I do not now see how a "good faith exception"--even if confined narrowly to a very few circumstances such as "technically" invalid warrants, see Illinois v. Gates, --- U.S. ----, ----, 103 S.Ct. 2317, 2339, 76 L.Ed.2d 527 (1983) (White, J., concurring)--is compatible with and adequately protective of the genius of the fourth amendment. If such a means were made readily available to validate improper warrants, I am satisfied that its effect over time would be completely to eviscerate the general in terrorem effect of the designedly rigorous warrant requirements. Most "bad" warrants must result from "good faith" bumbling under the interpretation I am persuaded would be given to "good faith" in this context. Human nature and the incessant pressures to avoid undue protection of criminals--particularly those now engaged in the drug traffic that ravages our society, see Turner v. United States, 396 U.S. 398, 426-27, 90 S.Ct. 642, 657-58, 24 L.Ed.2d 610 (1969) (Black, J., dissenting)--would, I fear, inevitably lead to that result.
I would not uphold the search here by adopting in this circuit a good faith exception, as the government--essentially resting its case on our willingness to do so--has urged that we do. Because the search was not otherwise justified by warrant or any recognized exception to the warrant requirement, I would hold it invalid.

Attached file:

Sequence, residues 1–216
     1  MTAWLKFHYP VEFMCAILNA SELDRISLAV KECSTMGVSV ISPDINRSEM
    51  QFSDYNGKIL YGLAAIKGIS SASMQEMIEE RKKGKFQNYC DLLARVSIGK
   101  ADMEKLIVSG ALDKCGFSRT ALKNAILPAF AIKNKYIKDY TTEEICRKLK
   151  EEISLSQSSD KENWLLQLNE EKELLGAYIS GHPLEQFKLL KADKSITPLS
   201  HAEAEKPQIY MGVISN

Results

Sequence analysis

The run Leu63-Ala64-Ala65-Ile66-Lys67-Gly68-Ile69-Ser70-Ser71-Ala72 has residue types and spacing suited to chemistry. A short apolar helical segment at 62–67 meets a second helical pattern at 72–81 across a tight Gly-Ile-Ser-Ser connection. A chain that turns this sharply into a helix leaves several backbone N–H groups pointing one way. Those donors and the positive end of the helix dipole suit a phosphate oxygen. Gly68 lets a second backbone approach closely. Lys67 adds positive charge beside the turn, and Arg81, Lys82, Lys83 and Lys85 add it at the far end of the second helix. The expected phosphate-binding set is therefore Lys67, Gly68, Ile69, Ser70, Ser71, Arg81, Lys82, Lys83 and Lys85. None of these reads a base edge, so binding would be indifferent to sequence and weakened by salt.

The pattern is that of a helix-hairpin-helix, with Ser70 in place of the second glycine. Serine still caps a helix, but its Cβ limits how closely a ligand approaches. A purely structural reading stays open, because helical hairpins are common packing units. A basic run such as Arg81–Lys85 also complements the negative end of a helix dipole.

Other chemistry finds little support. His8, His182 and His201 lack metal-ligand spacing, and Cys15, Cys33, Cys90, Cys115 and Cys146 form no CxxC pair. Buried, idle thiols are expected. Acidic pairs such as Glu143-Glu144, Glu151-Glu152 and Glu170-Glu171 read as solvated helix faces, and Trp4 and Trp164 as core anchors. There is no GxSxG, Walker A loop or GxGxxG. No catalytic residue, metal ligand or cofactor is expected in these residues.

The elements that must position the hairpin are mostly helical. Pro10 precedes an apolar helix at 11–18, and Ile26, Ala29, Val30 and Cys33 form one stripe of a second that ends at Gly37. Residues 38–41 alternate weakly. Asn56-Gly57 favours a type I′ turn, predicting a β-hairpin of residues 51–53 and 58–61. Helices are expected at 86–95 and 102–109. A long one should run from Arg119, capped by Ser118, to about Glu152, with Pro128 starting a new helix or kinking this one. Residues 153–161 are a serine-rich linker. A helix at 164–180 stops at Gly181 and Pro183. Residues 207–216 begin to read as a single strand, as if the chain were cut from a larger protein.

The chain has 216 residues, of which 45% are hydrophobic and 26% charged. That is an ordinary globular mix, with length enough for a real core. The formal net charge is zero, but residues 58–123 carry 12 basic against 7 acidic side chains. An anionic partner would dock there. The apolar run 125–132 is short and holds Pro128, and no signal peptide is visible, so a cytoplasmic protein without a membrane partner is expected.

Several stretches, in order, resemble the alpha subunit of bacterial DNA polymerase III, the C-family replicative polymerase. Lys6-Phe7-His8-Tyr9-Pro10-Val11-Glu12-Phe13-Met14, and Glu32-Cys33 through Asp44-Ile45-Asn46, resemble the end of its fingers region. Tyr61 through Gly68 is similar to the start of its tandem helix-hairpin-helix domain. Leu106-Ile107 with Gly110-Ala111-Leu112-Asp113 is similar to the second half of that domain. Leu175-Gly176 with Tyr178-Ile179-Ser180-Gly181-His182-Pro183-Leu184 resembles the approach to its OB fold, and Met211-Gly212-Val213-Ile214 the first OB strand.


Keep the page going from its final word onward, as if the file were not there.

Upchurch was originally indicted as Jerome Upchurch by mistake. On August 6, 1981, a superseding indictment was returned to correct Upchurch's name
In United States v. Place, --- U.S. ----, 103 S.Ct. 2637, 77 L.Ed.2d 110 (1983), the Supreme Court expressly "decline[d] to adopt any outside time limitation for a permissible ... stop." Id. at ----, 103 S.Ct. at 2646. The Court noted that "[s]uch a limit would undermine the equally important need to allow authorities to graduate their responses to the demands of any particular situation." Id. at n. 10. As the Court explained, whether the police diligently pursued their investigation is to be taken into account in assessing the effect of the length of the detention. Id. at ----, 103 S.Ct. at 2645-46. Upchurch does not contend that Clark was dilatory
The government conceded below that the warrant was invalid because Clark's supporting affidavit did not set forth the timeliness of the events described in the affidavit
The government urges us to adopt a "good-faith" exception to the exclusionary rule. The Supreme Court considered but did not decide that issue in the recent case of Illinois v. Gates, --- U.S. ----, 103 S.Ct. 2317, 76 L.Ed.2d 527 (1983). We also decline to address that issue in this case